Alderman introduces ordinance to rename Columbus Drive after former President Barack Obama

Some Italian Americans challenging the idea, saying they don't want any form of canceling parts of their history

Michelle Gallardo Image
Thursday, March 21, 2024
Ordinance proposed to rename Columbus Drive after former Pres. Obama
Chicago City Council Alderman Lamont Robinson has proposed renaming Columbus Drive after former President Barack Obama; some are pushing back.

CHICAGO (WLS) -- There's a push to name a downtown Chicago street after former President Barack Obama.

Alderman Lamont Robinson introduced an ordinance during Wednesday's City Council meeting to rename Columbus Drive as Barack Obama Drive.

The street stretches through the Loop from East Grand Avenue to DuSable Lake Shore Drive, which was renamed in 2021 amid some controversy.

On Nov. 4, 2008, then-President-elect Obama delivered his now historic victory speech before hundreds of thousands of supporters in Grant Park.

"We made history here, and we need to make history again, by honoring our Black president, first Black president, in President Barack Obama," Robinson said.

But even as setup for this upcoming weekend's Shamrock Shuffle is taking place along Columbus, controversy is already brewing, particularly among the city's Italian American community, in honor of whom Columbus Drive was named during the 1933 World's Fair.

"People have to understand: This is a slap in the face to my parents, my grandparents and those who came before us," said Ron Onesti, with the Joint Civic Committee of Italian Americans.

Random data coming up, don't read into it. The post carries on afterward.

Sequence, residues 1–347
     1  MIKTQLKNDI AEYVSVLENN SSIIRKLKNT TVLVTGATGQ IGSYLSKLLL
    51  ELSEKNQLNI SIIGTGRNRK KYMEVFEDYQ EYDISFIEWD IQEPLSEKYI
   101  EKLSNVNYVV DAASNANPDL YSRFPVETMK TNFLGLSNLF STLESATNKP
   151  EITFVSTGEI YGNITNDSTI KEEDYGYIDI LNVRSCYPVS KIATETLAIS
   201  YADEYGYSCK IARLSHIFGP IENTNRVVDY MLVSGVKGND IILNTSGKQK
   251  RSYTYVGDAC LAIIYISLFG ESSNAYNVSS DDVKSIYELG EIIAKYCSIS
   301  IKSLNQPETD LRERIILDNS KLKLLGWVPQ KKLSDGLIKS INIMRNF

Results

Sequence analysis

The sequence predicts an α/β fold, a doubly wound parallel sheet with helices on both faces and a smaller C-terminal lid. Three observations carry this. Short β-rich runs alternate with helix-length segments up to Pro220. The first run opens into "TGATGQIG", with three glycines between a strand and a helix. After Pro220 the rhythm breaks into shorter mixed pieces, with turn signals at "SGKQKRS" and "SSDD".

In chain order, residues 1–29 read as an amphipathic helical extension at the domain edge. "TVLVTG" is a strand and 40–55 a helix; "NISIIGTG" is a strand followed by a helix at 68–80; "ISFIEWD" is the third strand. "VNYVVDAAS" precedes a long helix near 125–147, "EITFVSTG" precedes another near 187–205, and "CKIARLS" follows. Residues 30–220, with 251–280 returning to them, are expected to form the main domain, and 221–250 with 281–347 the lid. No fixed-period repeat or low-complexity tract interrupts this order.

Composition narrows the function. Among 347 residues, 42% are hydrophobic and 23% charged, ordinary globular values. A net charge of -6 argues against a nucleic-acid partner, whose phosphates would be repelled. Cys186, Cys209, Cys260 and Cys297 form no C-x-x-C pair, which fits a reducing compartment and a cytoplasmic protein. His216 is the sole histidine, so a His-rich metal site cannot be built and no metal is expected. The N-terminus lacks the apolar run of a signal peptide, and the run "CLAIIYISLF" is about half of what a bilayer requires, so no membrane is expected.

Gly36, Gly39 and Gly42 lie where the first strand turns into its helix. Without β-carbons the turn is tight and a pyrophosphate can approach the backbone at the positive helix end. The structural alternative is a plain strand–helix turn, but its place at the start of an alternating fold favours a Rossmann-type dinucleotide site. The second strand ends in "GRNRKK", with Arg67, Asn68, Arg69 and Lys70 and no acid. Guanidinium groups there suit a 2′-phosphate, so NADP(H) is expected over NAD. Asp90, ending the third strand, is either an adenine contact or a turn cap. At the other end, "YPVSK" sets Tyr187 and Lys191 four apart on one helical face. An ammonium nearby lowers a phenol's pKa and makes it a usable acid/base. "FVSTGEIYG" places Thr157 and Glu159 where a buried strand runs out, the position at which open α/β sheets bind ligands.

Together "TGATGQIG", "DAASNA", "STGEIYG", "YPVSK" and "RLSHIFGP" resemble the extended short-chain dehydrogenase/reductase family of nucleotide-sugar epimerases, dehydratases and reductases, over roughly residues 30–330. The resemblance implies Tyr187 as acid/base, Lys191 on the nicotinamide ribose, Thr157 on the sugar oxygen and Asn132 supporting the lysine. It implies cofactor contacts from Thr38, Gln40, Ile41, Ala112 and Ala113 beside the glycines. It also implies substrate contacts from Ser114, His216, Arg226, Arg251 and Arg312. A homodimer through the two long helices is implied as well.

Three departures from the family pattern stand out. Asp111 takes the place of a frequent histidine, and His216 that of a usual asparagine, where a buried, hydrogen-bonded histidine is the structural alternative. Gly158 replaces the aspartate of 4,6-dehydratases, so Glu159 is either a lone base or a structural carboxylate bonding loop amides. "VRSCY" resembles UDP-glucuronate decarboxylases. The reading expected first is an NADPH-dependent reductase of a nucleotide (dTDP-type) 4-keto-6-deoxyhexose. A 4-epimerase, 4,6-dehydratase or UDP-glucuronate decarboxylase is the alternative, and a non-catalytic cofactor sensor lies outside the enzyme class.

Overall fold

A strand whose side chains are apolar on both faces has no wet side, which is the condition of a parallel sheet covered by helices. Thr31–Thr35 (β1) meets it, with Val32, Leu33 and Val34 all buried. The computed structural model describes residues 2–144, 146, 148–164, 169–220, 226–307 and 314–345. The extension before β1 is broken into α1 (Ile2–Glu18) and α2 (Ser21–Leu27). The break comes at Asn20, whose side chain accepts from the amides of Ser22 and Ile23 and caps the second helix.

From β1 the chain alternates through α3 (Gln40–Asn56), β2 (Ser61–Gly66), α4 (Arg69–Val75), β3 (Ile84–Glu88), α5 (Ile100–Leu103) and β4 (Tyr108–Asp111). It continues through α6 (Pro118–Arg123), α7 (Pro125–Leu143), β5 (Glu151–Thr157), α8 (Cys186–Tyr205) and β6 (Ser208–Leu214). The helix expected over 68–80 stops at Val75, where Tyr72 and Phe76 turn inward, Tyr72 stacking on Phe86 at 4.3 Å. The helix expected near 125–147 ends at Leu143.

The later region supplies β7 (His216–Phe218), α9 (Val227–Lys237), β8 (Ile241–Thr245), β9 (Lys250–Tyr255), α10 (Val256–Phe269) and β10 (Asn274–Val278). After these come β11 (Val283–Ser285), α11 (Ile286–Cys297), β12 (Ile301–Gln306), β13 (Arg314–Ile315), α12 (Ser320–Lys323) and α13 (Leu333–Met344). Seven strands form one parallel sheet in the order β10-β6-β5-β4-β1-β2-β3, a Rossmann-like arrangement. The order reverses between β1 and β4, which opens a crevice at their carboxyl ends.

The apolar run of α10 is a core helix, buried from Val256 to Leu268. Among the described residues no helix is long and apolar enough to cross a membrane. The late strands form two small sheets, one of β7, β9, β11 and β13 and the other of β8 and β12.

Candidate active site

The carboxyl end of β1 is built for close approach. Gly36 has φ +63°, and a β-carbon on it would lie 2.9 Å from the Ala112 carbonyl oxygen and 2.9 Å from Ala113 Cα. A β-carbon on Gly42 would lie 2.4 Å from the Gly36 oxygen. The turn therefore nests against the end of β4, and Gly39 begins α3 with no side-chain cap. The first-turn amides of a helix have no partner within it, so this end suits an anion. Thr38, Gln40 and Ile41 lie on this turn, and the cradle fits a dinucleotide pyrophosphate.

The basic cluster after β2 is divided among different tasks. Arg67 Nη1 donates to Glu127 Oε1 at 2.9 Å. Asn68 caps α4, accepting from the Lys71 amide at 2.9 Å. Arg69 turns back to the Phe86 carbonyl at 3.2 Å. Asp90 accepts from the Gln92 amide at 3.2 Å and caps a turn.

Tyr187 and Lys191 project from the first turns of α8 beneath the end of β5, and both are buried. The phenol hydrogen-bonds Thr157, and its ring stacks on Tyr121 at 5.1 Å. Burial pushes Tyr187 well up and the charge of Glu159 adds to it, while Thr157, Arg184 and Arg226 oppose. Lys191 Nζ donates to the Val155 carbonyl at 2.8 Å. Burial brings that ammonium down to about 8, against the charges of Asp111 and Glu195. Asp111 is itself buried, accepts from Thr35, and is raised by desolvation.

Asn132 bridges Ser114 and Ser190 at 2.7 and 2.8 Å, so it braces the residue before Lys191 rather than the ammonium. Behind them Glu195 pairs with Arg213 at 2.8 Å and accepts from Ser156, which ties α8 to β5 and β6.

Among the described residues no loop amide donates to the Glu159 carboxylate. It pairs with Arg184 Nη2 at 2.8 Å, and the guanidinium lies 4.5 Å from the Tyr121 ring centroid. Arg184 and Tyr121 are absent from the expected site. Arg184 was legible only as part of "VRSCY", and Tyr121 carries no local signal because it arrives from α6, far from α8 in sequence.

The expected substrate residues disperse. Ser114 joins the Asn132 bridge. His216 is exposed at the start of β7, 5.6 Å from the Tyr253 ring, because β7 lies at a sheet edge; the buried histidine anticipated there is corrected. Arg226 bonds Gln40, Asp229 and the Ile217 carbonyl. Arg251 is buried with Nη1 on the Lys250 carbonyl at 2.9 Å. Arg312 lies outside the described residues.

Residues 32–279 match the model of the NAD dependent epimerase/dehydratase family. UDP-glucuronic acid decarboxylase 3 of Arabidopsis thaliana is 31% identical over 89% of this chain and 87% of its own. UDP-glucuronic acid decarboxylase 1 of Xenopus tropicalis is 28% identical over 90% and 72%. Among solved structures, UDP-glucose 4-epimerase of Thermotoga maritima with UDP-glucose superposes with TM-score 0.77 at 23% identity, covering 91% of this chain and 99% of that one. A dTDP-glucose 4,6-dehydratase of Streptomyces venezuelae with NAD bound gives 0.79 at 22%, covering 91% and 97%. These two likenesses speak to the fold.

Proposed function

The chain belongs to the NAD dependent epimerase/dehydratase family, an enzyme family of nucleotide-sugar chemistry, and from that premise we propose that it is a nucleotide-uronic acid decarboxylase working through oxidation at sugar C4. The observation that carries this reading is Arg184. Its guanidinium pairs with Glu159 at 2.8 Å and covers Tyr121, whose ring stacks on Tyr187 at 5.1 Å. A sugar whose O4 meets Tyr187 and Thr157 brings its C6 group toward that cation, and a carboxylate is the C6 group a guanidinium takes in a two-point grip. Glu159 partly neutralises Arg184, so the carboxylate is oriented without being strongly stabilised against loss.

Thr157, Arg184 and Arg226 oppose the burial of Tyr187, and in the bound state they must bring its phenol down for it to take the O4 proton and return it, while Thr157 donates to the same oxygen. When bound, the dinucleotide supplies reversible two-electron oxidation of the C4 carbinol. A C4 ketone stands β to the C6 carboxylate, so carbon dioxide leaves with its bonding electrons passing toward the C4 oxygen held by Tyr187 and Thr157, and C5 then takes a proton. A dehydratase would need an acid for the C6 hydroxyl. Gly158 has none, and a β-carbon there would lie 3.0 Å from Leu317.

The debate comes as Italian American groups continue to litigate the 2020 removal of Christopher Columbus statues from Columbus Drive and two other locations around the city.

In July of 2020, two statues of Christopher Columbus were removed, following protests that grew out of the national outcry over the murder of George Floyd and fatal police shooting of Breonna Taylor.

Onesti suggests South Greenwood Avenue, where the Obamas' Chicago home is located, or Stony Island Avenue, where the Obama library is going up, as fitting alternatives for a name change.

"There are other options here, and we're saying, 'hey, let's honor the 44th president together, a favorite son of Chicago, but let's do it where it's all inclusive and not offensive,'" Onesti said.

Robinson said the proposed name change is not meant to exclude Italian American heritage or anyone else's.

"We're not doing it at the expense of another group because President Barack Obama brought all groups together, and this is really about bringing everybody together in the city of Chicago," he said.

Any name changes won't happen overnight, however. The proposed ordinance has several co-sponsors, but it must be reviewed by the Transportation Committee before it goes before the full City Council for a vote.

A committee formed by former Mayor Lori Lightfoot recommended the statues not be returned amid opposition from Italian American groups.